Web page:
The project should have a Canadian dimension and intersect in significant ways with scholarship in or about Canada. This is in keeping with the CWRC mission statement:
“CWRC brings together researchers working with online technologies to investigate writing and related cultural practices relevant to Canada and to the digital turn."
Projects eligible for consideration may include but are not limited to:
a digital edition of a text or a set of texts
a digital exhibit or collection of multimedia materials
a curated set of digital materials
a chronology based on some principle of coherence (e.g. theme, biography, text)
a digital anthology or collection of writings
an edited collection of born-digital materials (e.g. biocritical entries, topic entries)
other born digital scholarly content
Content should be sound scholarship adhering to best practices in the field. Check out CWRC Commons to browse some of our peer-reviewed publications.
Given the diversity of projects on CWRC, don't panic if your project doesn't resemble some of the ones we have showcased on our site. CWRC is open to a diverse range of projects from scholars of different fields. As a note, however, the digital delivery of the material is not incidental. There is some deliberate planning and effort put into taking advantage of the digital environment. If you have any questions about this, contact us at firstname.lastname@example.org.
Content is approved based on the following criteria. The project must be:
clearly formulated and coherently structured
intrinsically linked with the digital environment
clearly defined in terms of copyright and access
If you meet this criteria, and the board has approved the content, your project is now eligible to be peer reviewed.
In order to be considered for peer review, projects need to have achieved a critical mass of source materials and research output for the declared goal of the project.
Significant additions or cumulative changes to the content, structure, or presentation method of a project will trigger re-evaluations of the peer review status, at the discretion of the peer-review board.
A methodology is a section of clearly established scholarly principles.
Methodologies should be:
transparent and consistently applied workflow process
project-specific contextualizations of the digital object (e.g. documentation)
include scholarly introduction
Here is an example of a methodology section that has been incorporated into the larger paper. Notice how the author defines important concepts that are linked to larger ideas within the paper.
Part of the peer-review process goes over the technologies employed within the project, including but not limited to:
the evaluation of custom-built interface and tools
level of interoperability of data
extent of linkage to other projects/resources
adherence to technical standards/best practices; i.e. an adoption of well-defined and consistently applied technical standards that are appropriate for the content of the project
There is a preference for the adoption of well-established, open-source standards. Where this is not possible and/or adaptation of the existing standards is needed, justification should be included in the project documentation and supporting materials. If you have any questions about the formatting of this justification, please email email@example.com.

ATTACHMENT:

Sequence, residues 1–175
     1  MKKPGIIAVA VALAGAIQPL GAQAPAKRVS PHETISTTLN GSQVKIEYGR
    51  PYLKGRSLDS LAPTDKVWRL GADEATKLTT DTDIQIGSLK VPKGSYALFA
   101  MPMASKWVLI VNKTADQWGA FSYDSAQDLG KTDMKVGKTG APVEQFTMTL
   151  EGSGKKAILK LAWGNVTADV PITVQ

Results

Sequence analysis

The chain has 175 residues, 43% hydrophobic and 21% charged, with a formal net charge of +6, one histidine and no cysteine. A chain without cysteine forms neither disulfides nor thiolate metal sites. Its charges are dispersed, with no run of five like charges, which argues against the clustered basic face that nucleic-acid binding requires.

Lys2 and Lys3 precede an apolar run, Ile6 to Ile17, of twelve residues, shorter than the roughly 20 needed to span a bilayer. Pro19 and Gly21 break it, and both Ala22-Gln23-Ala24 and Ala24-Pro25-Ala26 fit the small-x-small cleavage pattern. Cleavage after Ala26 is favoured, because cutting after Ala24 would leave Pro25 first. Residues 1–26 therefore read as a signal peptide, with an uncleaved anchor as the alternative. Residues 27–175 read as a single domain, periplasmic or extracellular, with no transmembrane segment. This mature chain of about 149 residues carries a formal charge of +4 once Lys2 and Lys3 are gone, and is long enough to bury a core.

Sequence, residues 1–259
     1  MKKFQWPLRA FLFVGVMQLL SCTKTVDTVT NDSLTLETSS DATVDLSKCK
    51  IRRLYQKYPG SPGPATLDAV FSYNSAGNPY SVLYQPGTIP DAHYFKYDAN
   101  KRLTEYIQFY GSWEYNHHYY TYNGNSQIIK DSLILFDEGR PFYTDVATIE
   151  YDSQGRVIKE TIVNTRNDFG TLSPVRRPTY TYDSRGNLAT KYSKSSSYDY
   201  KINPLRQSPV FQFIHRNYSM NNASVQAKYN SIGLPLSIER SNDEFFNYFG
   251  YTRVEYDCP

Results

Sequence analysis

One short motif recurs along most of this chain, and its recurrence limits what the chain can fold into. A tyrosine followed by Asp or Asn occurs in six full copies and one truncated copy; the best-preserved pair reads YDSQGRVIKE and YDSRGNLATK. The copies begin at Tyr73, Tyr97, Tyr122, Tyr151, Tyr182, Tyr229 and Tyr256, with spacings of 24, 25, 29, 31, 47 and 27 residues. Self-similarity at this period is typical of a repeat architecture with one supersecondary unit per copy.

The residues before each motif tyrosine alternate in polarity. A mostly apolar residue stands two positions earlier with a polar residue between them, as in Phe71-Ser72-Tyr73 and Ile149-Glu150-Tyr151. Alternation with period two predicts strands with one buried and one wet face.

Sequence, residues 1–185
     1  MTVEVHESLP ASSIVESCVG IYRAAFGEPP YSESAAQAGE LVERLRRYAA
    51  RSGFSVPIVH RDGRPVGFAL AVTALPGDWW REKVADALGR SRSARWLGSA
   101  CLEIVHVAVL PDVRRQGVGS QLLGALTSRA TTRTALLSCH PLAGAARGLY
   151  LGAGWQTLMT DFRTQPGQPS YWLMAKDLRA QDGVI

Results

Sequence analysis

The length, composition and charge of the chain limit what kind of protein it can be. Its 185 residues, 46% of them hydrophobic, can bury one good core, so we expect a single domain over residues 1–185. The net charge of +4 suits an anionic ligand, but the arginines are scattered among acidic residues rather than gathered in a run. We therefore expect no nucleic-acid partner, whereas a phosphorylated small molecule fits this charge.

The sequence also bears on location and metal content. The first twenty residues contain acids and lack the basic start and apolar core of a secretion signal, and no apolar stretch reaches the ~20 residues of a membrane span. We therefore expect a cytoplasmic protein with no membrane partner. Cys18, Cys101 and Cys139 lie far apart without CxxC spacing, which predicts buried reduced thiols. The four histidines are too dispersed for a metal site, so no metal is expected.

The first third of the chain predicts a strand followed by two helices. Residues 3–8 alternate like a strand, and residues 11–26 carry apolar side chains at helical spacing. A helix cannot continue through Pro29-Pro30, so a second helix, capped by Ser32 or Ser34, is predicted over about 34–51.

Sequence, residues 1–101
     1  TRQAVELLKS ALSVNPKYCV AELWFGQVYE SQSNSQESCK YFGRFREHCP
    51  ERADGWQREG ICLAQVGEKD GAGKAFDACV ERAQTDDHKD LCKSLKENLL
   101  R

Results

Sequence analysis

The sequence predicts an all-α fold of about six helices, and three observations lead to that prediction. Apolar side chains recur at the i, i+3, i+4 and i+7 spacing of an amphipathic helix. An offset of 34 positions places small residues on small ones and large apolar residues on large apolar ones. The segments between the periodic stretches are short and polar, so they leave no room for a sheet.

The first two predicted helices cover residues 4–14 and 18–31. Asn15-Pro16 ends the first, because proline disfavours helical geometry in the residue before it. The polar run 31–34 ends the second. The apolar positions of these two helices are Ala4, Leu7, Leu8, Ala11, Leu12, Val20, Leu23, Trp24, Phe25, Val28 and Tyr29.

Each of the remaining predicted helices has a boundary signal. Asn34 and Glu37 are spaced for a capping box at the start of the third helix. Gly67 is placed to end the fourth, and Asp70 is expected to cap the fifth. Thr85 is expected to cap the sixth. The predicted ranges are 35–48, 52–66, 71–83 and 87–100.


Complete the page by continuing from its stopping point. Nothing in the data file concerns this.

Both field-specific and technology peer-review will be coordinated as part of the process, although they need not necessarily be conducted by the same person.
The Peer-Review Process
The peer-review process has a projected timeline as part of a counselling doc that prefaces the actual form, urges consultation with CWRC in advance of peer-review, etc.
This process also allows for questions from reviewers to go to projects as part of the process--this may be necessary.
Peer-reviewed projects will be required to indicate the date of their peer-review on the project homepage.
Peer-Review Board and Reviewers
A peer-review board (different from the CWRC research board) will be established. Other reviewers will be called in for niche area projects or projects outside the subject areas of expertise of the regular peer-review board members.
We will not have separate subject and technology peer-review groups. Rather, we will recruit DH-oriented people or people from within the CWRC community and supplement with subject experts as needed for specific projects.
Criteria for board/reviewers selection will be nomination by member of peer-review board or research board, followed by approval by research board.
The length of appointment on the peer-review board is 3 years. The position is renewable.
Peer-Review Application Process
Projects will have the opportunity to indicate intention to go up for peer-review in the CWRC application process. The actual peer-review will be triggered by a request when the project is ready.
Every CWRC project (peer-reviewed or not) will submit a yearly report.
Projects applying for peer-review will fill in a form similar to MLA (see comparison chart). May need to ask follow-up questions given the diversity of the projects. The form is created by the research board.
A peer-review re-evaluation may be triggered for two reasons:
Upon request from the project
This includes reaching major milestones, gaining tenure or promotion, filing for a grant application, or if the project is simply ready to be re-evaluated by the peer-review board.
An automatic review
An automatic review is triggered after five years. It can also be requested if there is: significantly increased resources (this is at the discretion of CWRC), substantial changes in editorial policies and practices, and/or substantial changes in tools or interface.
Alternatively, peer-review revocation is prompted by:
infringement of copyright